How to Create a Storytelling Genius

When I was younger, I, like many others, was at one point convinced I needed to suffer to be an artist. I wanted to be great and memorable and someone people talked about, and if I'm being honest it's still something I want. Who wouldn't? We all want to have meaning in this world, and a lot of us storytellers find that via writing, so it'd be nice to make a living and maybe then some off of that.


But what I don't want anymore?

To be the Suffering Artist. To be the person who seeks out suffering and holds on to it, to be the person who purposefully sees their work as miserable yet "for the greater good" like some martyr. I want to love my craft and I want to be happy about that.

But is that crazy? Is being an artist synonymous with being miserable? And if not, then how can we continue to create and love our craft yet still face the emotionally trying life as an artist? Face the rejection, the pressure, yet still sit down and write with joy everyday? How can such a thing be possible, if it even is?

My answers to these questions came by way of a lecture by Elizabeth Gilbert just last week. My brother sent me her TED talk on the "elusive, creative genius" and I was hooked by her approach to creative living. So inspired by what I saw, I proceeded to buy her book Big Magic and read it within two days, shaking with excitement at this tomb teaching me how to find joy constantly in my storytelling as well as encouraging rejection of the martyrs' path.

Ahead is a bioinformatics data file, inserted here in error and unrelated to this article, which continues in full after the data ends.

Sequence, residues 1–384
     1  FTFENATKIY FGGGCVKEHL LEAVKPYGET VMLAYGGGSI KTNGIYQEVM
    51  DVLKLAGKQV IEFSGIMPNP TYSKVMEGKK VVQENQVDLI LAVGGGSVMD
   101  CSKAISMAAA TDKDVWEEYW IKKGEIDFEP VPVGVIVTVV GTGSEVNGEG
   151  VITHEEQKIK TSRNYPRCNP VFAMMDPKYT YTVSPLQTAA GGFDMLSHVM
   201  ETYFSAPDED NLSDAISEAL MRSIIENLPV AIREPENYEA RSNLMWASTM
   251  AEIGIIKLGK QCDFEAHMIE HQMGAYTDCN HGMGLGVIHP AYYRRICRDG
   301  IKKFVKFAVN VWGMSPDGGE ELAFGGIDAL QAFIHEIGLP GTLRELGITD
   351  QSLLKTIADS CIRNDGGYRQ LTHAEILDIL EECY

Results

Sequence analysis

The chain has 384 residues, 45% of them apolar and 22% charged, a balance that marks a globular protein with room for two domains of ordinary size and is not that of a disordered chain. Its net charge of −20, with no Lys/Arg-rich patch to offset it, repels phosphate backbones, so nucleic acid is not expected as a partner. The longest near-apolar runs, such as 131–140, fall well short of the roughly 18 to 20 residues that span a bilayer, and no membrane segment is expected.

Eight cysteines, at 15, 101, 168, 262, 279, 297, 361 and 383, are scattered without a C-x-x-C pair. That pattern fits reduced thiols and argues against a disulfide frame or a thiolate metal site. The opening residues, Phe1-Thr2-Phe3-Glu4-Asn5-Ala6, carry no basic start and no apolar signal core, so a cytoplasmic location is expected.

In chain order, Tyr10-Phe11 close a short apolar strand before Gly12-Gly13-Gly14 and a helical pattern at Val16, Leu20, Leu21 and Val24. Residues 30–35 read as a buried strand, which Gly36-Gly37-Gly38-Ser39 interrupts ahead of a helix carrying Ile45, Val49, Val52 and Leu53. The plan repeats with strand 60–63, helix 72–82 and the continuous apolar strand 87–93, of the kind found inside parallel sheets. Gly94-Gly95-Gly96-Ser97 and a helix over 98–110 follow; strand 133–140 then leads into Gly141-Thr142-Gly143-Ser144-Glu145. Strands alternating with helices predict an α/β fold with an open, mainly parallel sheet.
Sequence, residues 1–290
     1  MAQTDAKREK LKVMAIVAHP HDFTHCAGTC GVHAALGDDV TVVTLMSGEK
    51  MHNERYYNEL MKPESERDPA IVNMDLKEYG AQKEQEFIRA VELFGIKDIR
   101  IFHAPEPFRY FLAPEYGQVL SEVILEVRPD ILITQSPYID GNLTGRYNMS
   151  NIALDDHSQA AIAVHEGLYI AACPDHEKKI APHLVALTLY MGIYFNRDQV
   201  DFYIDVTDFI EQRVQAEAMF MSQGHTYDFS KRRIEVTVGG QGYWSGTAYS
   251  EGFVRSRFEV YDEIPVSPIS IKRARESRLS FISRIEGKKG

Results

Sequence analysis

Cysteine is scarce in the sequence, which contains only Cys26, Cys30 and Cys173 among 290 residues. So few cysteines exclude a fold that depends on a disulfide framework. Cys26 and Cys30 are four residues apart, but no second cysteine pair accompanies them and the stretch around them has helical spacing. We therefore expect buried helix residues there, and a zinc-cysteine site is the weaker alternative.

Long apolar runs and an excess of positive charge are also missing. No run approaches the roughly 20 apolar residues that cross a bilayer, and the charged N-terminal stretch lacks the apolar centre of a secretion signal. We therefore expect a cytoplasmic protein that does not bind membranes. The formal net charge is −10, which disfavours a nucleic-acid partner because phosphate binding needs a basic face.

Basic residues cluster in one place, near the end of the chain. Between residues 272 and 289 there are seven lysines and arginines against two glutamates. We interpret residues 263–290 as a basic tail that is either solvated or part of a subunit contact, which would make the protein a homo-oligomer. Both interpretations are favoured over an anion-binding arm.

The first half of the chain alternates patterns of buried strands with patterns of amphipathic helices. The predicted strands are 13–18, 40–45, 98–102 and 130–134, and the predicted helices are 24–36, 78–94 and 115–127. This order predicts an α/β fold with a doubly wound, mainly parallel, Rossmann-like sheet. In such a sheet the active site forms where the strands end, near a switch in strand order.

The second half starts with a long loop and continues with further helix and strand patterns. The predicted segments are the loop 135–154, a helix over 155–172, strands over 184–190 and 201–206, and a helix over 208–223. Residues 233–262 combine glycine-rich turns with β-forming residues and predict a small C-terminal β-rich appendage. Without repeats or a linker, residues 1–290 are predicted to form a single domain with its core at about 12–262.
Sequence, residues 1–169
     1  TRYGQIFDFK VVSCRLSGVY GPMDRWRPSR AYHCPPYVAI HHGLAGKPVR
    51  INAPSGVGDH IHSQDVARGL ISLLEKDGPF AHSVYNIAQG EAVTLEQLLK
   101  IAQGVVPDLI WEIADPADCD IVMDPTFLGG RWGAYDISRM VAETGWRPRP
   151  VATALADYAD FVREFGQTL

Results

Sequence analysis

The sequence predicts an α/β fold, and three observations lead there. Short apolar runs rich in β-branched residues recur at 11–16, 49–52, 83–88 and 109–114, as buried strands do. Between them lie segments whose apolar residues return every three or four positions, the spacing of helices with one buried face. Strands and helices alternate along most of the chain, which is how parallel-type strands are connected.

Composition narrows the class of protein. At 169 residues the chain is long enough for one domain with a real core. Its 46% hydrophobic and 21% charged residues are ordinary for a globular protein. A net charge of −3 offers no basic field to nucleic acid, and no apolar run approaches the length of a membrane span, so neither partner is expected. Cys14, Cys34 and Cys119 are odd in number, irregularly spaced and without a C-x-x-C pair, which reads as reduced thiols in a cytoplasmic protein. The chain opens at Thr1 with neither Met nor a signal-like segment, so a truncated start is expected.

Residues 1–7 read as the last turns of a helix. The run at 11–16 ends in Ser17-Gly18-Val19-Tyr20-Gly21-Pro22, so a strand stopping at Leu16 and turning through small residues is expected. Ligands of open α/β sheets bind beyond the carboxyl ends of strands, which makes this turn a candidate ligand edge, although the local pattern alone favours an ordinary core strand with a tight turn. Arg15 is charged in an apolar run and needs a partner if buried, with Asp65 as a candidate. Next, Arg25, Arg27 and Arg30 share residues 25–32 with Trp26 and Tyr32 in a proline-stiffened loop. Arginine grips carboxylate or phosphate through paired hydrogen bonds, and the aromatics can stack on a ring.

If you haven't read her book or seen this TED talk, I highly recommend doing both, especially the latter as that will be the principal focus of this post. With that said, I want to further thank Gilbert for being the muse to this post, especially given that nearly all the ideas listed below come from her.

Before I begin, let's talk about the word genius. The word is defined by Wikipedia as "a person who displays exceptional intellectual ability, creative productivity, universality in genres or originality, typically to a degree that is associated with the achievement of new advances in a domain of knowledge." Phew! Talk about a lot of pressure. Yet everyone wants so badly to be a genius in their field! We all want to be great masters who know everything and who everyone respects greatly for said mastery. But according to Gilbert, this word once had a different sort of meaning, and that's the meaning I hope to reclaim:

[In] Ancient Rome -- people did not happen to believe that creativity came from human beings back then, OK? People believed that creativity was this divine attendant spirit that came to human beings from some distant and unknowable source, for distant and unknowable reasons. The Greeks famously called these divine attendant spirits of creativity "daemons." Socrates, famously, believed that he had a daemon who spoke wisdom to him from afar.